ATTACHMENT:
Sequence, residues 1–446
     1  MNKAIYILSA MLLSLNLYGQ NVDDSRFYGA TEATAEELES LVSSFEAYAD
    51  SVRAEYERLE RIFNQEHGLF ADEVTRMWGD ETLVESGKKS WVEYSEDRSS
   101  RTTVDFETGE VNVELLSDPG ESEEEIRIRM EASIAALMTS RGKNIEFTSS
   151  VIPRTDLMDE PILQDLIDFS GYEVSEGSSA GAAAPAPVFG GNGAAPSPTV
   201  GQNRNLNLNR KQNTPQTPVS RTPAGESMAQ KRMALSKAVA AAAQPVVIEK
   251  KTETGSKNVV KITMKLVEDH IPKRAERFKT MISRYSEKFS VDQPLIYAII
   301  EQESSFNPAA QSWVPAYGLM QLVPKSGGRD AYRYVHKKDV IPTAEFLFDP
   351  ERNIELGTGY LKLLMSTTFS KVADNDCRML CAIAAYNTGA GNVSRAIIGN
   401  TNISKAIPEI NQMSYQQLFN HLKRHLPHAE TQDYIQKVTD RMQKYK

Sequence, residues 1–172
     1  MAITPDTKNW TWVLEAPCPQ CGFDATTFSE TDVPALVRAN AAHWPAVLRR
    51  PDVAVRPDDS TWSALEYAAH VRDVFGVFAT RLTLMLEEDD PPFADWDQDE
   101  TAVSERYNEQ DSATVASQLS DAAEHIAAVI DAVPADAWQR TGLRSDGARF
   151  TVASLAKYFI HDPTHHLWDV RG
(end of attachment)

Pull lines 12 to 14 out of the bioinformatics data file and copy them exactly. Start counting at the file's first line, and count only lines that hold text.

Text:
     1  MAITPDTKNW TWVLEAPCPQ CGFDATTFSE TDVPALVRAN AAHWPAVLRR
    51  PDVAVRPDDS TWSALEYAAH VRDVFGVFAT RLTLMLEEDD PPFADWDQDE
   101  TAVSERYNEQ DSATVASQLS DAAEHIAAVI DAVPADAWQR TGLRSDGARF